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Old 07-28-2008, 04:52 PM   #61
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I just dug around on ebay and it looks there are OE condensers that will fit in that vertical space under an OE sized rad. That would make it easy- just get somebody to weld up the OE fittings on the new condenser and reform the mouth shroud.
Sorry to bother Rob but; could you post a link? This sounds like a really good option.

BTW, great info and pics on your previous post!

I was also checking my rad and IC and even though my rad is a PWR, I don't have those 6 extra inches below (maybe it has to do with the fact that my IC is from a Begi S5 and it's huge). I also don't know how much is my Racing Beat Type II bumper affecting me.

Another dumb question: what would happen if I went back to my OEM radiator for daily use? One thing is for sure, aluminum radiators are more efficient but they also transfer more heat to the engine.

Many thanks
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Old 07-28-2008, 04:56 PM   #62
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Actually, yeah, it's kinda rare. But it gets hot quickly as you go east, away from the water. Anyway, I didn't pull it out because I wanted to improve cooling, I pulled it out since it'd been broken for nearly two years and I figured at this rate I would never fix it. The day I get inspired to fix it I can put it all back in.

How far do you want to move the condenser? I hear they really really want cold air! I wanted to put mine behind the rad but got talked out of it.

Nice drawing, btw! Anyway, all this is reminding me (re-emphasizing for me) that I need to replace my ducting. It made more of a difference than the giant radiator did.
I can't put my condenser behind the rad. It would get insanely hot! I'm thinking about following Rob's suggestion. I'm going to look for a different style of condenser and I love the position of the one in the pic. I'll try and see if that works for me. I'm also seriously considering putting an additional fan in front of it.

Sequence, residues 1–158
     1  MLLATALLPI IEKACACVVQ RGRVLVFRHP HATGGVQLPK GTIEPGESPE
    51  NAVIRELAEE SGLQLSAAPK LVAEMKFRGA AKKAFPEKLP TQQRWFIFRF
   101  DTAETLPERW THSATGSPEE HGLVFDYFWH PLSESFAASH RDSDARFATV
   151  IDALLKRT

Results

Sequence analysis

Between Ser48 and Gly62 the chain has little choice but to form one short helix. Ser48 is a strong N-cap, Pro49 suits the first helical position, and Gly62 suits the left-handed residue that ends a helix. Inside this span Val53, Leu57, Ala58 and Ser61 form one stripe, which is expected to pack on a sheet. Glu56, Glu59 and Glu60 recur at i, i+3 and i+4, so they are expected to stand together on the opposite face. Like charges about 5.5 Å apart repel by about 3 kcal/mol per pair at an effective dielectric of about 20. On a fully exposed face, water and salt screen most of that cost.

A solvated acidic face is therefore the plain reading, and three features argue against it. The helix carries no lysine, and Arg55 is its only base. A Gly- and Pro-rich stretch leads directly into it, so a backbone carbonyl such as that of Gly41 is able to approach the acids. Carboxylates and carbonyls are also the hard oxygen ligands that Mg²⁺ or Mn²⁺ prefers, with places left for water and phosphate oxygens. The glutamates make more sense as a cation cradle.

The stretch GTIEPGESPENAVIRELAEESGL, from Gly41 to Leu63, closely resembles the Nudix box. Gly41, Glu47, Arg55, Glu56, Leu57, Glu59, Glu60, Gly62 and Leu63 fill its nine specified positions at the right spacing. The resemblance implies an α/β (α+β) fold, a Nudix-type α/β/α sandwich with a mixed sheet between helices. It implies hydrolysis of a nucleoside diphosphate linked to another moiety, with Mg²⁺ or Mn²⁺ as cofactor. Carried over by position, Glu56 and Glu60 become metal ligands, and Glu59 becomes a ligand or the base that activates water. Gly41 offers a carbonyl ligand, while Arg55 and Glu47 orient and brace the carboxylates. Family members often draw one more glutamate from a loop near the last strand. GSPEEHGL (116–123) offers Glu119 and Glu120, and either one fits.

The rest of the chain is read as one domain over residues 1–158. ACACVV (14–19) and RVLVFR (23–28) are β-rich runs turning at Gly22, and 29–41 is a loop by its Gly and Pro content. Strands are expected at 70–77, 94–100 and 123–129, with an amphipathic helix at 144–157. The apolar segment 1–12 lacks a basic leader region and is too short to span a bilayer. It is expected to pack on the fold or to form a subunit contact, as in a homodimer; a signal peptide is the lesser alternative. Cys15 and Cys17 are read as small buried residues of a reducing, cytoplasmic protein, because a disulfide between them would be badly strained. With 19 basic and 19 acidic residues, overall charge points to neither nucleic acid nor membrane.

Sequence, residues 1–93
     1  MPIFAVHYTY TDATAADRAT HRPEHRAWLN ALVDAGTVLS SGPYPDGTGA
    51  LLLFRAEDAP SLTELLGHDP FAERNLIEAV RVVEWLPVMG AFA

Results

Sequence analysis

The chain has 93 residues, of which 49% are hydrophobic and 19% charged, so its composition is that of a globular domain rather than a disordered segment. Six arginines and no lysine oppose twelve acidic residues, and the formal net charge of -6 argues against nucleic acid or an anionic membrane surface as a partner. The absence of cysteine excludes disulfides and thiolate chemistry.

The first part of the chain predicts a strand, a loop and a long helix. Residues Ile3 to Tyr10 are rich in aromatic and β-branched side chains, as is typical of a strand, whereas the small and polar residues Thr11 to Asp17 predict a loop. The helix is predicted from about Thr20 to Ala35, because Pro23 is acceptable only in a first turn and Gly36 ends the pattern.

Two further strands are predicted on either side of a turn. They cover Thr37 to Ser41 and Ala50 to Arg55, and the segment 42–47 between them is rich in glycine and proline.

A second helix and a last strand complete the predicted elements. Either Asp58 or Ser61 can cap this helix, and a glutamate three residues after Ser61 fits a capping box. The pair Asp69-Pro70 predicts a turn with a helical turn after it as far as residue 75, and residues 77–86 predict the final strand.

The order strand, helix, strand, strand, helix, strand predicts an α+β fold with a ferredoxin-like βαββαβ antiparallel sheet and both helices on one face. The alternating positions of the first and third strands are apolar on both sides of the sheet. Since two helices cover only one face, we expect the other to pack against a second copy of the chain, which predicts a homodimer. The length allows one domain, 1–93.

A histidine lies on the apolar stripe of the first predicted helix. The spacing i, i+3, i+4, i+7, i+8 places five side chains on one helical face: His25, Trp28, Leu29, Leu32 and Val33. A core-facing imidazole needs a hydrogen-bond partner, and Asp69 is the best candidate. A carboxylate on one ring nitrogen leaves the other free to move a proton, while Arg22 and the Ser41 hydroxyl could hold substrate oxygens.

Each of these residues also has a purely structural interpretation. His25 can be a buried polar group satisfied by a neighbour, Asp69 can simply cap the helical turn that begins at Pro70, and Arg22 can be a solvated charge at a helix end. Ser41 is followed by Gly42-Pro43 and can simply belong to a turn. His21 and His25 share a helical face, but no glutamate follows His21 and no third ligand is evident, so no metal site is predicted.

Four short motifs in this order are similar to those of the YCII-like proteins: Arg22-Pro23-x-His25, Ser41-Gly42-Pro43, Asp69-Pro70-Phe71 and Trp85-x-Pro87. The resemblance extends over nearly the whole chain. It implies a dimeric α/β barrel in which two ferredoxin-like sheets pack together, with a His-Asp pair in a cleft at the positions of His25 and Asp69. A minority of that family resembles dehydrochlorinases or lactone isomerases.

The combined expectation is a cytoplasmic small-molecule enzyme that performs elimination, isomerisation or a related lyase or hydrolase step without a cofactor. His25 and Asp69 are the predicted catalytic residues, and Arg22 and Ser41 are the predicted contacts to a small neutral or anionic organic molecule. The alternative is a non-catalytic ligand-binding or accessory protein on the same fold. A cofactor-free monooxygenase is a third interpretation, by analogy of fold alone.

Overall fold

We've got 95 to 100* weather with 80 to 90 percent humidity in these parts until October so I can't afford to take the A/C out.
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Old 07-28-2008, 05:17 PM   #63
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Rafa- I just went to the AC section of eBay motors and searched for condenser. Looking at all the gallery icons shows a multitude of shapes/sizes. I think you'd have to do some research and find a car that had a condenser to fit that area. My guess is that some OE manufacturers have taken this approach to improve efficiency by stacking vertically rather than horizontally.

There's a lot of give and take when re-engineering the front end with all the exchangers. A stock rad might work if it doesn't have anything in front of it, but my guess is your IC is going to cause some grief for it- even if the condenser isn't there. Keep in mind that I've yet to charge my AC, so it's all speculation from my point. I fear poor AC cooling at this point since my condenser is sandwiched between the IC and rad.

I'm not sure about your situation regarding the amount of space below the rad. I know for a fact that the OE rad lacks nearly 2" from touching the undertray because I've run brake cooling hoses under it from the mouth to the calipers. You can see in the pics below (older photo, since modded more) that I have substantially dropped that point down in the modifications to the mouth shroud to meet the base of the taller radiator. And it's still 2" above the subframe base, about flush with the bottom of the bumper/nose base (even with the top of the OE spoiler).


Here's the current modded shroud, which essentially opens up the bottom of the mouth shroud to the base of the front bumper/nose. The shroud does drop down a small bit from the base of the rad as it nears the nose. I was running out of time and gave a seal of "it'll do" approval.
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Old 07-28-2008, 05:42 PM   #64
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I plan on building a setup like this and mating it with the M-Tuned Coolant Re-Route kit (Testing rear housing this week).



This way I don't have the stacked effect! I've always loved this setup.. This dude must of read my mind a few years ago.





Already have the cooler purchased Originally for my Subaru WRX, but it will be going on the Miata.
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Old 07-28-2008, 05:48 PM   #65
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Marc, I like that setup but; it sure would mean too much of a hassle for me. Plus, that guy doesn't use an A/C
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Old 07-28-2008, 05:52 PM   #66
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Plus, that guy doesn't use an A/C